Ever since the publication
in 1900 of Sigmund Freud's "The Interpretation of Dreams," twentieth-century
thinkers have wrestled with the notion that dreams have meanings beyond
themselves. Interestingly, the same can be said for the Hebrew word for
scholars believe that the verb
(halam), "to dream," and the verb
(halam), "to be in good health," are related. Moreover, they
hold, both of these words are connected to
(helmon), the yolk of an egg, and to
(holam), the vowel (o).
A skeptic may well ask, "How so?" It goes something like this: The
lamed, mem) originally meant, "to be soft, "moist,"
"viscous." One might say that one is healthy because one "has
good humors" and that the verb
(halam) means "to gather humors," that is, to sleep well, therefore
to dream. And, maintaining the liquid imagery associated with the term, a highly
authoritative Biblical dictionary says that the Hebrew word for dreaming can
also mean "to experience an emission of seminal fluid." Talk about
And what does this have to do with the yellow of an egg or a vowel? According
to a medieval book of Hebrew roots, the yolk is called
(helmon) because, cholesterol notwithstanding, it is the healthful (i.e.,
nutritious) part of the egg. And the
(holam)? When you write a
(holam), you are creating what the grammarians call a plene (i.e., a
full) reading. Says grammarian Abraham Ibn Ezra: Make the sound "O"
and then look at your lips; they make a strong, full circle.
appears from this discussion that dreaming is a good thing, no? Not necessarily.
As used in the Bible, the word
(halom), when it means "dream," may be good, bad, or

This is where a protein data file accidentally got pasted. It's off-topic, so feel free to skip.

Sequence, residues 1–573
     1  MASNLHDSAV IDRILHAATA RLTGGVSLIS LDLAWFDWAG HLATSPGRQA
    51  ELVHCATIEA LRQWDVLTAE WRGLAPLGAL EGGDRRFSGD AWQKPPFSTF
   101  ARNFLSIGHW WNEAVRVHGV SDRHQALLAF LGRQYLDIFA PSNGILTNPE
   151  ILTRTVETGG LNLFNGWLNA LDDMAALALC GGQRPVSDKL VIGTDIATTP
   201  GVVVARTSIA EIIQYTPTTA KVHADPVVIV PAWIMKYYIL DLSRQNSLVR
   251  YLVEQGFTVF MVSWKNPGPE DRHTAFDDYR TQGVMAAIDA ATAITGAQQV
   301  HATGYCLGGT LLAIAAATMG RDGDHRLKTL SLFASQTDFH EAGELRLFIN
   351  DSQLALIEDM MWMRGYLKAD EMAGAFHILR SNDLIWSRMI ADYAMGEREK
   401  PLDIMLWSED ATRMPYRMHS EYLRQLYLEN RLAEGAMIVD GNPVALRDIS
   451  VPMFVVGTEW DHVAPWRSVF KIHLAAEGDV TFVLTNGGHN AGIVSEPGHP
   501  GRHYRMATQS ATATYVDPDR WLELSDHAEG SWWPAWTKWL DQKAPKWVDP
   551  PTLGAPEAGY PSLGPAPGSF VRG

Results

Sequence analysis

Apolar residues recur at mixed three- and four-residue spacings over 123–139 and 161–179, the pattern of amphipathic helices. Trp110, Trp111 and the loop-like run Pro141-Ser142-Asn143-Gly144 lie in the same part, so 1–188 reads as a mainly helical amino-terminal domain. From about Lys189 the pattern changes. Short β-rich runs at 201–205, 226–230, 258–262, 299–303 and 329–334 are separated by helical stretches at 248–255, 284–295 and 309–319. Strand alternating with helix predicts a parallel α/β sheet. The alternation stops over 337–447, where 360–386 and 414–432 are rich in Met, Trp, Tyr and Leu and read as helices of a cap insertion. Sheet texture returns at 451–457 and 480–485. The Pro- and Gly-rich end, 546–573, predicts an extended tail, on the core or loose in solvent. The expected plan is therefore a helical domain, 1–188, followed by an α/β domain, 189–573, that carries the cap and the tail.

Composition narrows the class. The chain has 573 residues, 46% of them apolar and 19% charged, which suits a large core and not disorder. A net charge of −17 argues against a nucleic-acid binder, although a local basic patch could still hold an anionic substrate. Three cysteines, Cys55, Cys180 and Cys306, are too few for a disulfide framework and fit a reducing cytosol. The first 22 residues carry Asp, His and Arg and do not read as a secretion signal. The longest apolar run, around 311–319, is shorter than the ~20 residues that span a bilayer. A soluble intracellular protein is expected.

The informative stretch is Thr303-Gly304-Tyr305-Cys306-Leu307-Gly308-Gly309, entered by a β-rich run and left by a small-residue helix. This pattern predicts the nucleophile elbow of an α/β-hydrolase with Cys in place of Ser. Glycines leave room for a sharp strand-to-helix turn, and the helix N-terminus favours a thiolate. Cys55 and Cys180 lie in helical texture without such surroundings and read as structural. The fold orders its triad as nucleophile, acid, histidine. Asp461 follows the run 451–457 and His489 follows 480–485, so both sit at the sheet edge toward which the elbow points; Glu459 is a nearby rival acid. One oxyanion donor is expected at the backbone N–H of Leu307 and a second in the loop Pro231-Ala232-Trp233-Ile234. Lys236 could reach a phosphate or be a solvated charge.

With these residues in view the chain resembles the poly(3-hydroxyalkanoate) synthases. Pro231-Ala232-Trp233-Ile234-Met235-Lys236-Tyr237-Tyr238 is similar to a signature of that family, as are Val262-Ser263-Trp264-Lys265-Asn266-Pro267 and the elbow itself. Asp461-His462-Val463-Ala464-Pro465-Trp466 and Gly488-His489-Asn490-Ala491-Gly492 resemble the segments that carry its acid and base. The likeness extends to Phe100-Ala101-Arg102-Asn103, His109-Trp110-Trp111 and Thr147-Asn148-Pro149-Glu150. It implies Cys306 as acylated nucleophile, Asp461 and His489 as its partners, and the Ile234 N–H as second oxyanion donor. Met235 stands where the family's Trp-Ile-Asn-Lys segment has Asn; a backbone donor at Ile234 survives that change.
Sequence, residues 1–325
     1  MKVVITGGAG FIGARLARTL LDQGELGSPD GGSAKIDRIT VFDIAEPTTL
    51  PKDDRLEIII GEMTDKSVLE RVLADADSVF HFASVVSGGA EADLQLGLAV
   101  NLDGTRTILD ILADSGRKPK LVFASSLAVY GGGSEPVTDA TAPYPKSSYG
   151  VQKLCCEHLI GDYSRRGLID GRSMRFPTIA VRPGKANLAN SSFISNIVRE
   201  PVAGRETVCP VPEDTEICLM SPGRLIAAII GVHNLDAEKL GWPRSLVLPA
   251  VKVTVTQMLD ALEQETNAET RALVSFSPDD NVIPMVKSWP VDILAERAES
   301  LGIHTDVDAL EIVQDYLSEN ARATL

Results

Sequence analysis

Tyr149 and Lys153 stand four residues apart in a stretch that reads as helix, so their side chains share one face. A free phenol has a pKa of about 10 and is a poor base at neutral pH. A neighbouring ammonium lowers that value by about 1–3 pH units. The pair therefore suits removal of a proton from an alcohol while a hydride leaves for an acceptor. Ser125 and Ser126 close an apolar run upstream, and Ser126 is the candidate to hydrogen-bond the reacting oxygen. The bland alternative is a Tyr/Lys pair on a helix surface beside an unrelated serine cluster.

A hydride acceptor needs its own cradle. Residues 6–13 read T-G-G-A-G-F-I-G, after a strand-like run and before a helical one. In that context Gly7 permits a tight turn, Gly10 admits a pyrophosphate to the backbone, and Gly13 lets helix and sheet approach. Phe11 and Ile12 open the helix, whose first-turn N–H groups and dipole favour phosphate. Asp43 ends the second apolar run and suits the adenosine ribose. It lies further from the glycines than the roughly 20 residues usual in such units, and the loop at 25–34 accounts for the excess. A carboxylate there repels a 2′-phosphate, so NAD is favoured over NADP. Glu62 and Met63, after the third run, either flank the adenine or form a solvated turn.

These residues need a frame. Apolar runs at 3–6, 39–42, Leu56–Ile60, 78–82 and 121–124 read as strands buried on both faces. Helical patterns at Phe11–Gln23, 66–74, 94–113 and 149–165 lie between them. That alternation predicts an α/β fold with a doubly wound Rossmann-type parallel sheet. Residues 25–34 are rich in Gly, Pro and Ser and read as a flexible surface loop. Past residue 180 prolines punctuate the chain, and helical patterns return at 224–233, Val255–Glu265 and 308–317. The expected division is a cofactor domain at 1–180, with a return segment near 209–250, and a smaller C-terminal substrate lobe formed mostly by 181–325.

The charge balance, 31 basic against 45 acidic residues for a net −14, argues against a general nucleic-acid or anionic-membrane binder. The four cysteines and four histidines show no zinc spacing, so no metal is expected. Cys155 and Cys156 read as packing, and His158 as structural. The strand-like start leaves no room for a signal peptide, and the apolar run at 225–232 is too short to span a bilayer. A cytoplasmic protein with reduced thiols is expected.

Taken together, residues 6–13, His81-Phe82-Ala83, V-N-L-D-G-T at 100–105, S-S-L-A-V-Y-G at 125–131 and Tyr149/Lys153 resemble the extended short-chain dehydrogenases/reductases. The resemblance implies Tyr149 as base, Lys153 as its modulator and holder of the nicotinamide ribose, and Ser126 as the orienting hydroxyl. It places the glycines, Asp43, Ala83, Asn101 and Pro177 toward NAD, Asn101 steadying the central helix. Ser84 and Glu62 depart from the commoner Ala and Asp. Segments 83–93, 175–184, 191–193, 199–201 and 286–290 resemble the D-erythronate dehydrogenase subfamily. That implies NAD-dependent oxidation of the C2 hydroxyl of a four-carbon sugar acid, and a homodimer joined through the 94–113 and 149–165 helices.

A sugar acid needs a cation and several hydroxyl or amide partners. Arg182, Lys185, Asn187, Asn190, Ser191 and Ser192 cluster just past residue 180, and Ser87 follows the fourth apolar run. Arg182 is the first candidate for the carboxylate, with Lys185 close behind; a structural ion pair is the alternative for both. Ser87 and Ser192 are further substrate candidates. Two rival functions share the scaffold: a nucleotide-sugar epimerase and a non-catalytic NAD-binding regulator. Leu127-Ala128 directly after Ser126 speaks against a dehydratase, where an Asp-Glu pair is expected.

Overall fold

indifferent. Just ask Joseph's brothers, who derisively referred to their
(ba'al ha-holomot ha-lazeh), "that damned dream-master."
Or ask Pharaoh's baker, who lost his head to a dream. On the other hand,
if you were to ask Joseph or Daniel, you would be told there is much profit
to be gained from being an accurate interpreter of the dreams of kings.
The Rabbis were similarly divided about the beneficence of dreams. The
Talmud relates that a
(halom shel shaharit), morning-dream, is likely to be true. If
the dream portends evil tidings, there is a way to nullify it: One can
take on oneself--even on Shabbat, when it is normally forbidden to fast--a
(ta'anit halom), dream-fast. If you are not sure whether a dream
is bad or good, you may recite the Ribbono Shel Olam meditation of the
Priestly Blessing, in which you aver,
(ani shelakh ve- halomotai shelakh), "I am yours and my dreams
In modern Israel, the real estate section of the newspaper might advertise
(dirat halom), a dream apartment. Or, if you are not well-grounded
in reality, you may be charged with having
(halomot be-aspamyah), "dreams in Spain." Somebody who
crosses the street without looking might be said to be having
(halomot be-hakitz), daydreams.
And when you tuck
the children into bed at night, you always wish them
(halomot paz), literally "golden dreams."
our discussion by mentioning another ground-breaking book written during our
century, whose title echoes that of Freud's: Eliezer Ben Yehuda's
(ha- halom ve-shivro), "The Dream and Its Interpretation."
When you hear little children
speaking Hebrew on the streets of Israel, you realize that neither Ben Yehuda's
dream nor its meaning has been buried in the collective subconscious. It is
right out there on the surface (manifest destiny and all), for all to see and
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